Court: Thomas received fair trial
Defense appealed conviction, saying Clearfield County man was unable to form intent to kill
The first-degree murder conviction of a Clearfield County man who killed his best friend’s brother was upheld Wednesday by the Pennsylvania Superior Court.
The court’s three-judge panel that reviewed the appeal concluded Dustin Tyler Thomas, 29, formerly of Hawk Run, received a fair trial before a Clearfield County jury last year.
Judge Paul E. Cherry on Sept. 25, 2018, sentenced Thomas to life in prison without parole.
Thomas is incarcerated at the State Correctional Institution at Somerset.
Defense attorney Steven M. Johnston filed an appeal with the Superior Court contending that the trial judge erred by not permitting the jury to consider voluntary manslaughter — a killing in the heat of passion — during its deliberations, which lasted four hours.
Johnson also maintained that a verdict of first-degree murder was contrary to the evidence, which showed that Thomas was under the influence of alcohol on the night of Oct. 30, 2017, when he shot 36-year-old Brett Bamat of Philipsburg RD in the chest following a shoving match outside Bamat’s home.
The defense presented evidence that Thomas’ blood-alcohol content was 0.3 percent, or nearly four times the amount of alcohol at which a person is presumed to be under the influence, when the shooting occurred.
With that amount of alcohol in his blood, the defense contended, Thomas was unable to form an intent to kill, a necessary element that must be proven to convict a suspect of first-degree murder.
While voluntary intoxication is not a defense to murder, the jury had the option of lowering the seriousness of the crime from first- to third-degree murder, if it determined Thomas was under the influence to the point he could not form an intent to kill.
The defense also contended Clearfield County District Attorney William Shaw engaged in prosecutorial misconduct.
Thomas was good friends with Tim Bamat, Brett’s brother, who at the time of the shooting was an inmate in the Perry County Prison.
On Oct. 30, 2017, Thomas was at Brett Bamat’s Morris Township home when Brett and Tim’s wife, Valerie, came home.
He had been drinking, and when Tim Bamat called to talk to his wife that night, he insisted Thomas leave the home.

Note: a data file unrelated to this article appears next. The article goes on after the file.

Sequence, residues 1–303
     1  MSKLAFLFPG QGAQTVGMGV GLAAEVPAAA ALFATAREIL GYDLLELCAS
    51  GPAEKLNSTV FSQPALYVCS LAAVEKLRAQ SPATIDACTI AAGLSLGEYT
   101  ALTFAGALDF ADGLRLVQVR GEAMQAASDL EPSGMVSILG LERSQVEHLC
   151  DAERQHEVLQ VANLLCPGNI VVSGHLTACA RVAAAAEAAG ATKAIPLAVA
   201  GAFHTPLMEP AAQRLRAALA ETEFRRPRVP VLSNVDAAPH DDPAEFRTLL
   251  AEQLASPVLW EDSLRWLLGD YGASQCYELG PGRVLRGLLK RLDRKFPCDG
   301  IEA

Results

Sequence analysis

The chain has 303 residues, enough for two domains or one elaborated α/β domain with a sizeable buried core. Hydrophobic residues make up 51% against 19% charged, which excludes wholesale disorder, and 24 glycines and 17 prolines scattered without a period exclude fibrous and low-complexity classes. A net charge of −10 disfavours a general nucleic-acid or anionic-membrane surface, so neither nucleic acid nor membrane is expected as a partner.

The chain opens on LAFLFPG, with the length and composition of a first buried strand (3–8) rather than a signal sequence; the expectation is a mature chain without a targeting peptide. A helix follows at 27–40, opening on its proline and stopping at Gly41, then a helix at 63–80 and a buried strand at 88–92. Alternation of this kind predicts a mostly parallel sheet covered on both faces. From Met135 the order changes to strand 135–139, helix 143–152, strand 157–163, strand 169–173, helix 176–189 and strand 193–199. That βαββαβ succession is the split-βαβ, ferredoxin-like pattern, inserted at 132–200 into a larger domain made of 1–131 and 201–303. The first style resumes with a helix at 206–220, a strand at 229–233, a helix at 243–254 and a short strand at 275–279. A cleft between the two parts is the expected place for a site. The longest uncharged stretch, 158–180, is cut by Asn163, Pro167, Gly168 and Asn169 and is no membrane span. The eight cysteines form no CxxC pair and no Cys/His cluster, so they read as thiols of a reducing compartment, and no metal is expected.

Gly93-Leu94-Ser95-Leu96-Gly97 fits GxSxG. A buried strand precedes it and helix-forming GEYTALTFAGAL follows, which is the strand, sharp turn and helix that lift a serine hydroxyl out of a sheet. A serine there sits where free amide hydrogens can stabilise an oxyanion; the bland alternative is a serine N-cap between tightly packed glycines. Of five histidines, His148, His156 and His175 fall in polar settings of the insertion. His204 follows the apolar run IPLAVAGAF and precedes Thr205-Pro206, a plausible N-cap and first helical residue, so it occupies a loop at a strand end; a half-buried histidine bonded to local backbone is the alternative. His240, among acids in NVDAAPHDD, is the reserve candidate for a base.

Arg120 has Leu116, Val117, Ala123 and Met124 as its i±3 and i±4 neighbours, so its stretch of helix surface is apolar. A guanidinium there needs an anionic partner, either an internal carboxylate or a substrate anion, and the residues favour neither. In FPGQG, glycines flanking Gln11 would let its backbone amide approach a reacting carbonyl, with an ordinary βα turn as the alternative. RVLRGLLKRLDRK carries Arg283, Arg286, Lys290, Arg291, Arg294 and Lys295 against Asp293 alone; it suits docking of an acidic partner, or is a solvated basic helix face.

Thomas became upset and engaged in a shoving match with the victim, at one point pulling a gun inside the home.
The argument continued outside, and Valerie Bamat testified she heard a shot and found Brett lying on the ground as Thomas drove away.
State police early the next morning arrested Thomas following a struggle as he returned to the Hawk Run home.
Superior Court judges Mary Jane Bowes, Anne E. Lazarus and Dan Pelligini ruled the defense waived its claim that the judge had improperly barred jury consideration of voluntary manslaughter because it did not object to omission of the charge prior to the start of jury deliberations.
When asked by the judge, following his charge to the jury, if there was “anything else,” the defense lawyer answered, “I don’t believe so, your honor.”
The failure to object at that point “renders the claim waived,” according to the Superior Court opinion.
Addressing the defense argument that there was no direct evidence of Thomas’ alleged intent to kill, the panel responded by noting, “The factfinders (jury) choose not to believe that Thomas suffered an ‘alcoholic blackout,’ or was so intoxicated at the time he shot the victim that he was unable to form the requisite intent.”
“This was within the province of the jury,” the appeals court opinion stated.
The defense challenged the DA’s aggressiveness during the trial, his objections and cross examination of the toxicologist presented by the defense and his remarks during closing argument.
“After reviewing the record, we do not find that the district attorney exceeded the appropriate level of civility,” stated the opinion, written by Lazarus.
Thomas can request further review of the decision by the Pennsylvania Supreme Court.